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San Antonio Express News: Camp Bullis dining hall loses funds to border wall

September 4, 2019

President Trump’s quest to use military construction money to help build the border wall will fund 52 miles of new steel bollard barriers in Laredo, while eliminating $18.5 million for a new dining hall at the Camp Bullis training range.

The dining hall was one of 127 construction projects that the military said it was deferring this year in order to shift $3.6 billion to build more sections of wall on the U.S.-Mexico border. Trump administration schedules building of new wall

It is the second time this year the Trump administration has taken money from the Pentagon for the border wall.

After Congress approved $1.4 billion to replace older portions of existing fencing on the border earlier this year - far less than President Trump’s $5.7 billion request — he declared a national emergency, clearing the way for the administration to use money allocated for other needs to build the wall.

The government last spring took $2.5 billion from other Defense Department accounts to replace some of the 650 miles of existing wall in various sections between California and South Texas.

Attempts to block the plan in court failed after the Supreme Court in July gave the administration the green light to reprogram the money.

The funding shift announced Wednesday will pay for 11 sections of wall covering 115 miles.

“I am deeply disappointed to see that funding for construction at essential military installations is being diverted to pay for an unnecessary and misguided border wall,” Mayor Ron Nirenberg said. “The president’s overheated approach to immigration and the border is counterproductive and this decision could have an adverse impact on the security of our nation.” Castro's call to decriminalize border crossings sets tone for Democrats, fuels GOP attacks

Several Texas Republicans in Congress have joined Democrats in opposing the border wall, asserting that there are betters ways to secure the border, including more manpower and the use of sensors, cameras and other technology.

“We must find a bipartisan solution to secure our border and solve the root causes of illegal immigration,” said Rep. Will Hurd, R-San Antonio, who serves on military construction and veterans affairs appropriations committees. “But we should not take away funds intended to help our troops in order to make this happen.”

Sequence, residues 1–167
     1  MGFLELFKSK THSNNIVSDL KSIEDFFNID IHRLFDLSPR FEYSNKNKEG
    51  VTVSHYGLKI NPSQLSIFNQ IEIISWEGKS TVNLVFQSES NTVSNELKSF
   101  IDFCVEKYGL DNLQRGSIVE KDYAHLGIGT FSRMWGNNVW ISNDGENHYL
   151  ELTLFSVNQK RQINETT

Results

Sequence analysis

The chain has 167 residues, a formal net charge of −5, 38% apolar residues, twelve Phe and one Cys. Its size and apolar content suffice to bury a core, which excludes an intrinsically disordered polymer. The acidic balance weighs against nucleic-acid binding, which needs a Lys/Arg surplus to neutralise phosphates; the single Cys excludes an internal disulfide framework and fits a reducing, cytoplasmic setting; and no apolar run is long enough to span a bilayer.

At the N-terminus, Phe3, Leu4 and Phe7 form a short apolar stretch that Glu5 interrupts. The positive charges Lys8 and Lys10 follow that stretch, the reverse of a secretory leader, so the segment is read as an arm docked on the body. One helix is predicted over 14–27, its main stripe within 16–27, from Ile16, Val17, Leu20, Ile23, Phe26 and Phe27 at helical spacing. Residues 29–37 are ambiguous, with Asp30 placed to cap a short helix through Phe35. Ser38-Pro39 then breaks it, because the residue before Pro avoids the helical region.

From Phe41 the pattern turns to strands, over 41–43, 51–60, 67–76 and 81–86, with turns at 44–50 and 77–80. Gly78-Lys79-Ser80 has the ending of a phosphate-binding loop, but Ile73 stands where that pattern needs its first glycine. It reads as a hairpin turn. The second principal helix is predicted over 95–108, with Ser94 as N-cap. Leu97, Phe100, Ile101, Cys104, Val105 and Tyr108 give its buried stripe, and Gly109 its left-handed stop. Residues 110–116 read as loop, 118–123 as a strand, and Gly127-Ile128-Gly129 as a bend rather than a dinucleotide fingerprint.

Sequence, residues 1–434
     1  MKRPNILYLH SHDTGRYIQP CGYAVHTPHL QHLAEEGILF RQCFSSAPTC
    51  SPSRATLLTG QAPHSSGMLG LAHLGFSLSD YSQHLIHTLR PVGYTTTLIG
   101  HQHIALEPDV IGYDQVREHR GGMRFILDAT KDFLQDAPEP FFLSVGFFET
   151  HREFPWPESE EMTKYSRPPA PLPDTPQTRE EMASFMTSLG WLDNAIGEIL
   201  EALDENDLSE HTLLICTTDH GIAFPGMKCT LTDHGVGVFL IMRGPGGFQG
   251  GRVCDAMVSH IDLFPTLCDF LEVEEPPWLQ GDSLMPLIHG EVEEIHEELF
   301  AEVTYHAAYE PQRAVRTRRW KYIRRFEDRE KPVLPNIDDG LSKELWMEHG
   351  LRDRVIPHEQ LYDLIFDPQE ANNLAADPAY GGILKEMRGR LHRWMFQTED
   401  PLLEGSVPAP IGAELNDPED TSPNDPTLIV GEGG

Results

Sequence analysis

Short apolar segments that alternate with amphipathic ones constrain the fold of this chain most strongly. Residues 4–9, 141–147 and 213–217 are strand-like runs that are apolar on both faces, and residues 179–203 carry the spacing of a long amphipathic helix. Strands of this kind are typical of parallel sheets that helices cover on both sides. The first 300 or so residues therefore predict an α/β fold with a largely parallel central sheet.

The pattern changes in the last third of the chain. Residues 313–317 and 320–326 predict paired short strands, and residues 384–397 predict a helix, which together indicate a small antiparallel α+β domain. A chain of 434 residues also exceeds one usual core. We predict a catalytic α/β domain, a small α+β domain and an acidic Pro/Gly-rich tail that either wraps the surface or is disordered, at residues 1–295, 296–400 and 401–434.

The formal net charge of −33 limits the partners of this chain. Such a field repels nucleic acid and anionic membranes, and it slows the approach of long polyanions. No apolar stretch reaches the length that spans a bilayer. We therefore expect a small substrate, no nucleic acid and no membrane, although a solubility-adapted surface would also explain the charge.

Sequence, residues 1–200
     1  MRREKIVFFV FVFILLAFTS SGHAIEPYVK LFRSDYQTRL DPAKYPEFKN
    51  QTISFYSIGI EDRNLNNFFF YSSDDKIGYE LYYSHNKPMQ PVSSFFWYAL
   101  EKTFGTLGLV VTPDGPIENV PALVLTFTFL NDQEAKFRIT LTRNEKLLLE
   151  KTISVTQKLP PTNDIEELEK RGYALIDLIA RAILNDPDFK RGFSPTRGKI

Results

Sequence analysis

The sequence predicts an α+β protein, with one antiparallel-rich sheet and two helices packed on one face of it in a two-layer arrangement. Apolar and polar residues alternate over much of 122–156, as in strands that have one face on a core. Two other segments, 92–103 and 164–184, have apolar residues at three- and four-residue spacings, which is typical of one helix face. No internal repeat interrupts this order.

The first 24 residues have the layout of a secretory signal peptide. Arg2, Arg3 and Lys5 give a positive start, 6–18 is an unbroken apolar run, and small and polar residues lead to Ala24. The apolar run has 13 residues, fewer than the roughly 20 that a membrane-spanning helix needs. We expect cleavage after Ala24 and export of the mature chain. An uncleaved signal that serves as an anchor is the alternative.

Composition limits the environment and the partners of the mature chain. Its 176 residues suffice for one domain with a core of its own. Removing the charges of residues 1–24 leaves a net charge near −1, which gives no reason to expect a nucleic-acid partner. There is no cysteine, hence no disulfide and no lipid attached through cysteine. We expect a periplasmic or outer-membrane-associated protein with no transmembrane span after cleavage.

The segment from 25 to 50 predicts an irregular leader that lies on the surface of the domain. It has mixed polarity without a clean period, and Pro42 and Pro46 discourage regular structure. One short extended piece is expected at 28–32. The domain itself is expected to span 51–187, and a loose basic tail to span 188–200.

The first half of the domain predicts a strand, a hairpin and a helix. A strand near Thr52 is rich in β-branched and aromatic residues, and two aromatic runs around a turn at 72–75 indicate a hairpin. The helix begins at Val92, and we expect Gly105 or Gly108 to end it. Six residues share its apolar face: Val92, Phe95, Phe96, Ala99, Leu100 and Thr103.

Rep. Lloyd Doggett, D-San Antonio, slammed the decision as a “dangerous abuse of power — rejecting true security needs to divert resources to a humanitarian problem he created.”

The Pentagon said no housing and critical infrastructure projects for troops would be affected. Rundown housing has been a sore spot in light of recent revelations of poor conditions in homes used by troops around the country.

The Camp Bullis dining hall — planned to replace a 1930s facility — would have served 1,300 to 1,500 personnel at the rugged range in Northwest Bexar County, where soldiers, sailors and airmen do field training. It was one of two military projects scrapped in Texas. The other was a $20 million road project at Fort Bliss in El Paso.

The president has made the border wall and tight immigration restrictions among his chief priorities. The military has been tapped in other ways, spending millions of dollars to send active-duty and National Guard troops to the border to help stem the surge of migrants seeking asylum in the United States.

In Laredo, $1.2 billion will be diverted from the military to build 30-foot bollard fencing going northward from the Colombia Solidarity Bridge, said Rep. Henry Cuellar, D-Laredo. That's more than $24 million per mile. He didn’t know when construction would start, but said he plans to fight the plan in Congress.

Pentagon spokesman Chris Mitchell said the reprogrammed money doesn’t mean the projects are gone for good. The Pentagon said the projects are being “deferred” in hopes the money could be restored by Congress.